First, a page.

Whereas King's book was partially set in the late 1950s, this adaptation shifts the story to 1989, which will allow the second half (in the upcoming sequel) to unfold in present-day. Muschietti and his team manage to seamlessly weave '80s pop culture references into the picture to vividly evoke this particular time and place - for instance, a local cinema marquee advertises Lethal Weapon 2, Batman and A Nightmare on Elm Street: The Dream Child, while a poster for Gremlins is displayed on a bedroom wall, and Ben desperately tries to conceal his fandom for the boy band New Kids on the Block. A healthy sense of humour is evident throughout the film (the one-liners are almost endless) which keeps it enjoyable and watchable, on top of being frightening. There is a minor Stranger Things vibe due to the young characters and '80s setting, but one must bear in mind that It was in active development before the Netflix series initially dropped. (Interestingly, the Stranger Things masterminds - The Duffer Brothers - were actually in the running to direct It at one stage.)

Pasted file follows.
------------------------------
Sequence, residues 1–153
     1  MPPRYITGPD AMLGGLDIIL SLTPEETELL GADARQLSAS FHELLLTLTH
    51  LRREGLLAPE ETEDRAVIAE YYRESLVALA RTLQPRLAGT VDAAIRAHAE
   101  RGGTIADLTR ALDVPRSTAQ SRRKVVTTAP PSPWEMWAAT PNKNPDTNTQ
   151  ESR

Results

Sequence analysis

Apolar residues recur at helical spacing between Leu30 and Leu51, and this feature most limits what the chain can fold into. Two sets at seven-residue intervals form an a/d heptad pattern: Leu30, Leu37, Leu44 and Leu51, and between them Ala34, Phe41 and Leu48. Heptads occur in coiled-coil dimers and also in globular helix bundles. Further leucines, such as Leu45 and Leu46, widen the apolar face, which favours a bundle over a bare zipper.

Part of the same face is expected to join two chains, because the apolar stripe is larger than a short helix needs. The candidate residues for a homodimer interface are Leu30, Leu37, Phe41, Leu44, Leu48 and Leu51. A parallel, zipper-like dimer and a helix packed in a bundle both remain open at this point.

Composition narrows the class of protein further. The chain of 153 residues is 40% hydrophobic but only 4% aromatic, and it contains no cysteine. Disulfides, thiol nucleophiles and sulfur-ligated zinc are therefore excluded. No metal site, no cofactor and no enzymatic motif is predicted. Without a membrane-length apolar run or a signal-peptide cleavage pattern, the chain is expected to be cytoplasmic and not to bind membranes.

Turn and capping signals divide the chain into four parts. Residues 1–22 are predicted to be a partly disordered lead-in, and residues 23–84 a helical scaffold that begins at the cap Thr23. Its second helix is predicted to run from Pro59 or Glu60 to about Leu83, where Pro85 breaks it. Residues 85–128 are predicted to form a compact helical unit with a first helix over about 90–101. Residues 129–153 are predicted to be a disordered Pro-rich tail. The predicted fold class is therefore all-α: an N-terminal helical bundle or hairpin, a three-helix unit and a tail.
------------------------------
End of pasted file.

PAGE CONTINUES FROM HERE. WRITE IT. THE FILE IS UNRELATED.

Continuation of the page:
Clocking in at a hefty 135 minutes (including credits), It's length may be daunting, and it does feel like a full meal, but Muschietti uses the generous length to deal with characterisations and drama. The town of Derry almost feels like the true villain of the story, as many of the elders are portrayed as predatory and uneasy, while Henry is a violent, deranged psychopath of a bully who does not balk from carving letters into Ben's stomach with a knife. Members of The Losers' Club have their own personal issues to contend with, and the material is exceedingly adult; Beverly is ostracised for false rumours of promiscuity and suffers sexual abuse at the hands of her father, for example, while Eddie has a domineering, obese mother who keeps him feeling paranoid about his health, and Mike is bullied due to the colour of his skin. However, certain fragments of the narrative appear to be missing, and some parts of King's book were reportedly excised. There are talks of an extended cut which could rectify this, even though the movie is certainly long in its current state and could probably stand to be a bit tighter - certain scenes or moments could be removed.